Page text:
Robert: Probably one of the DJ’s who did a thing called B Club. It was a traveling DJ show that moved from club to club.

NWs: Did you know you were listening to Shoegaze at the time?
Robert: Not really; that name was not really around as far as I know. The idea of genres seemed in its infancy.
NWs: Yeah, I loved Curve, JaMC, and Lush, but I didn’t know they belonged to a genre.
Robert: Yeah, I was doing MBV, Spiritualized, Swans, and lots of other stuff like that – Nurse With Wound and Love and Rockets. Of course, it’s been so many years, I cannot say the exact year I heard about certain bands, just that I did and it changed my musical world forever.

NWs: At what point did you move to Mobile?
Robert: I moved there in 1986 – around Christmas. It was major culture shock; I felt like I was in a time machine! It was such a great, weird, psychedelic feeling without dropping acid!
NWs: I’ll bet; I’ve been through it myself.

NWs: You mentioned in one of the other interviews that you were reading This Is Your Brain On Music. You didn’t happen to find your copy in a motel room in Kissimmee, Florida did you? I seem to have left mine behind last April.
Robert: Ha ha. No, I bought it to make it through some boring orientation stuff at UAB (University of Alabama at Birmingham).
NWs: Well, I only got through a chapter or two, so tell me, how does it end?
Robert: Same as the beginning: there is a chemical connection, but it is still a mystical art form.
NWs: I was kidding; it’s not a novel.
Robert: Okay smartie, don’t play with my emotions like that!
NWs: Forgive me.
Robert: Keep joking; it’s good for me.
NWs: I can’t help myself.
Robert: Me either.

NWs: About the name, The Sunshine Factory, how was it chosen?
Robert: It was a song name from a previous band that I was in in the early nineties called Fragile. Ian asked if he could use it as his band name, and I, of course, said “yes”.
NWs: What’s happening with the potential conflict with the San Diego band using the same name?
Robert: As far as the San Diego band, no conflict that we know of. Besides, we have a “The” in front, and they don’t. I think we just both help each other to reach new people! No problem.
NWs: That’s good. Do you know what kind of music they play?
Robert: Not sure really; we have never listened to them but for a few seconds. Have you guys?
Ian: No.
Sally: No.
Robert: Have you?
NWs: No, I have not.

NWs: Did you indoctrinate wee Ian by sending him to sleep with MBV and the like?
Robert: Yes. There is more truth to that than fiction. His mother is a great music lover in her own right. She wooed him with Bowie and New Order, and I with Joy Division, Bauhaus, MBV, JAMC, and so forth.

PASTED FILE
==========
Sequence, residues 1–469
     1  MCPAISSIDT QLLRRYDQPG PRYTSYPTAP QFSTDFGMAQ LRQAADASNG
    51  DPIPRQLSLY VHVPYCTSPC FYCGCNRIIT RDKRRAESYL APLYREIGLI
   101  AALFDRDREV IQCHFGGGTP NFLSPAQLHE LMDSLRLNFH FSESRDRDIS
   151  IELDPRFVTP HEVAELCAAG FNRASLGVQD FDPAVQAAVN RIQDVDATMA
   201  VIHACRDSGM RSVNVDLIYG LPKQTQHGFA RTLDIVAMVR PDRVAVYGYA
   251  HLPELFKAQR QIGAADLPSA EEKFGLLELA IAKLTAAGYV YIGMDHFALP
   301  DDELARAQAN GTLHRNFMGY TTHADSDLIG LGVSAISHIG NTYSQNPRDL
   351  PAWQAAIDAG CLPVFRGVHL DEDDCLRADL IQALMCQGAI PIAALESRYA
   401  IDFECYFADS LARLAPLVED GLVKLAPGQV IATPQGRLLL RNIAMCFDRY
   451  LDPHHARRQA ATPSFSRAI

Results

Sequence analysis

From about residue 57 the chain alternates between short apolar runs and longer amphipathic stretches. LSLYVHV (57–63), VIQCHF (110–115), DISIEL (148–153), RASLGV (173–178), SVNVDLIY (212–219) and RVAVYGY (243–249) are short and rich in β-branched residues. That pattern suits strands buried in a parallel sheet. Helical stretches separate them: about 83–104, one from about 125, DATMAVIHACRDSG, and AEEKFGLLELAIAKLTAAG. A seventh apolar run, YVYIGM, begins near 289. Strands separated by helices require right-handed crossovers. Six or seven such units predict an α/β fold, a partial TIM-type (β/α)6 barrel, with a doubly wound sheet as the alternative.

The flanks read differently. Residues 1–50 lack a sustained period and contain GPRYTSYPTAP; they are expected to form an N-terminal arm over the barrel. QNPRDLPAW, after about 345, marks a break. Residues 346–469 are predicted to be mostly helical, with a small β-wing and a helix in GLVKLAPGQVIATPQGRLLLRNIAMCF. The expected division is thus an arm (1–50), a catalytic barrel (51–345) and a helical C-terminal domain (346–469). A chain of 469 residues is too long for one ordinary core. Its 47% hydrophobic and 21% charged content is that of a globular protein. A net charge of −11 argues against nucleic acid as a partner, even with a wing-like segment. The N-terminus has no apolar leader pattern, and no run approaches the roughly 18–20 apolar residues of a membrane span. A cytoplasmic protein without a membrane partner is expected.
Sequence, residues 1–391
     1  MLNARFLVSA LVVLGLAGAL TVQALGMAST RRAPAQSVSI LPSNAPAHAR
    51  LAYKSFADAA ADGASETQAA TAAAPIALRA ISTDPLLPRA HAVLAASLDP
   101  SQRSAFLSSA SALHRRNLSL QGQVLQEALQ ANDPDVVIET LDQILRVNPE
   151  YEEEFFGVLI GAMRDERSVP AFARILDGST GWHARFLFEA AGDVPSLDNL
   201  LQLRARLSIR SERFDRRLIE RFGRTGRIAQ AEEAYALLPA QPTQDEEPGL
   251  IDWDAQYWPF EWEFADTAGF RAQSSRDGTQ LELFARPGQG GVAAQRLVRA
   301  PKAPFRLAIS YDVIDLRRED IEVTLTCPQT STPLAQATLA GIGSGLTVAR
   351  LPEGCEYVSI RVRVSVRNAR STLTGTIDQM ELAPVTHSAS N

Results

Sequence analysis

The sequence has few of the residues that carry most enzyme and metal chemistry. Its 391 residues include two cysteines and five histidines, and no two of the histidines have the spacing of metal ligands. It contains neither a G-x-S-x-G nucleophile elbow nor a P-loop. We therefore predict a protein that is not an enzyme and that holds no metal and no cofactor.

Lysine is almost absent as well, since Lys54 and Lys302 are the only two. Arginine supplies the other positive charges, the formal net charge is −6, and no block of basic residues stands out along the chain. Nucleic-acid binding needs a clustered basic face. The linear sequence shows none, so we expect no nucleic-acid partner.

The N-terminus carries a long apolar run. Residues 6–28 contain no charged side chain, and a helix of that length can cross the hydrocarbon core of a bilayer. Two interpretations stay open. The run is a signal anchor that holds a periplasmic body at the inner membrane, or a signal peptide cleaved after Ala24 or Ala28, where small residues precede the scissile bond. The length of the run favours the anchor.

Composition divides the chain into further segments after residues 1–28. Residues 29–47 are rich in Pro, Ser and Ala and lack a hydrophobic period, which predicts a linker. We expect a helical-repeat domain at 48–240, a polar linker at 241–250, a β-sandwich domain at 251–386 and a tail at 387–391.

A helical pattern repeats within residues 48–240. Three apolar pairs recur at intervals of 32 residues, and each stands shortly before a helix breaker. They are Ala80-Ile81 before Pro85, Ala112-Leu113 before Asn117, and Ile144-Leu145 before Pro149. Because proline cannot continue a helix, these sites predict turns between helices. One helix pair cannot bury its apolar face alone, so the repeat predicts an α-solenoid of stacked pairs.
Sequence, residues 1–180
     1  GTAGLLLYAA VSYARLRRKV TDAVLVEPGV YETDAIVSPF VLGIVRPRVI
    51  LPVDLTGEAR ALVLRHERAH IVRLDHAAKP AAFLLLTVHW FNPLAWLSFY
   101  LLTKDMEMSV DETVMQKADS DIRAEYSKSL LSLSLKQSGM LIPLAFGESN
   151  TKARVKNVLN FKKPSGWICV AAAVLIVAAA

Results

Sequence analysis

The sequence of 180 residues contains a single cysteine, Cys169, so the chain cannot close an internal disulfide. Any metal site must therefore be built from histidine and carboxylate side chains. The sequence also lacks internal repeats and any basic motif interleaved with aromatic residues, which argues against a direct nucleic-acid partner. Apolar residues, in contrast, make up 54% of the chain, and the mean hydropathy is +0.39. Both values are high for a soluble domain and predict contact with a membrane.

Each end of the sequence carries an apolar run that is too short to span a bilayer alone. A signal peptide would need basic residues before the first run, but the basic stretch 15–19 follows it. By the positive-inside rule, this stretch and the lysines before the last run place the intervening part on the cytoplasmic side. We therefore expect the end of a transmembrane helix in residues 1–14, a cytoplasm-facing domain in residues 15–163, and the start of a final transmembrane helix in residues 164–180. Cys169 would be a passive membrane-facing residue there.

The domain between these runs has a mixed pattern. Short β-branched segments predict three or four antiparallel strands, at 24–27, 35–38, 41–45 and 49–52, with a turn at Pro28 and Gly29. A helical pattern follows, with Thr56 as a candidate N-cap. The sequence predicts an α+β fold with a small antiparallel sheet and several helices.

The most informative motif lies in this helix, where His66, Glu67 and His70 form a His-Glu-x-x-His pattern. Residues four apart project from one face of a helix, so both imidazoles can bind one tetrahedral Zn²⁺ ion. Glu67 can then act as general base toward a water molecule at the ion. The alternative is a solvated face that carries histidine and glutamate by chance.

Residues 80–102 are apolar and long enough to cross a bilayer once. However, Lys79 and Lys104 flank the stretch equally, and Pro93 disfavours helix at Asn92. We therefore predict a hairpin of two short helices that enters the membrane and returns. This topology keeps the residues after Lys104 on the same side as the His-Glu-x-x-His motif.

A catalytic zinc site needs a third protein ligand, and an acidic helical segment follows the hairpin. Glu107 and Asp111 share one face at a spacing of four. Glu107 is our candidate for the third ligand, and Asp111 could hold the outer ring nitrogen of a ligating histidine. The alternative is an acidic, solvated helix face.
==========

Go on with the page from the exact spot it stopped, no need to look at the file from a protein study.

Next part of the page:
NWs: Ian, did you ever feel a desire to rebel against your parent’s music?
Ian: No, because it was always so good; how could I?

NWs: What was your musical upbringing like, Sally?
Sally: My Dad loved early Beatles, but my brother exposed me to a lot of stuff – from The Grateful Dead to Iggy Pop. Later, a friend of mine introduced me to The Smiths, then he burned me a CD of Loveless, and the rest is history.

NWs: It’s my understanding that TSF is made up of the only Shoegazers in Mobile. Did Matthew and Sally join at the same time?
Robert: No, we had to convert Matthew. He was not a Shoegazer before joining this band. He immediately fell in love with the ethos of the genre, the depth, and the wall of sound. His style of drumming was perfect for us; he has amazing timing.
NWs: Matthew was not a Shoegazer?
Robert: He was not. Technically, drummers can’t be Shoegazers.
NWs: Snaregazers?
Robert: HaHaHaHa! Yes!!!
NWs: Have you told Matt that he isn’t a Shoegazer?
Ian: Yes. Haha. He was bummed.
NWs: I’m sure.
Robert: Sally came along a couple of months later. Ian was recording a song for her brother’s band and happened to mention he was looking for a good, female bass player. Little did we know that she was already a fan of the band and knew some of the songs. She played a little riff, and within a few seconds Ian knew.

NWs: When did each of you first realize that you wanted to be a musician as a way of life?
Ian: When I was about sixteen. As a child, I was a member of the Canterbury Choral Society of Oklahoma City, and my parents always had a wide variety of music in our home, but I didn’t begin playing guitar and writing songs until I was about sixteen.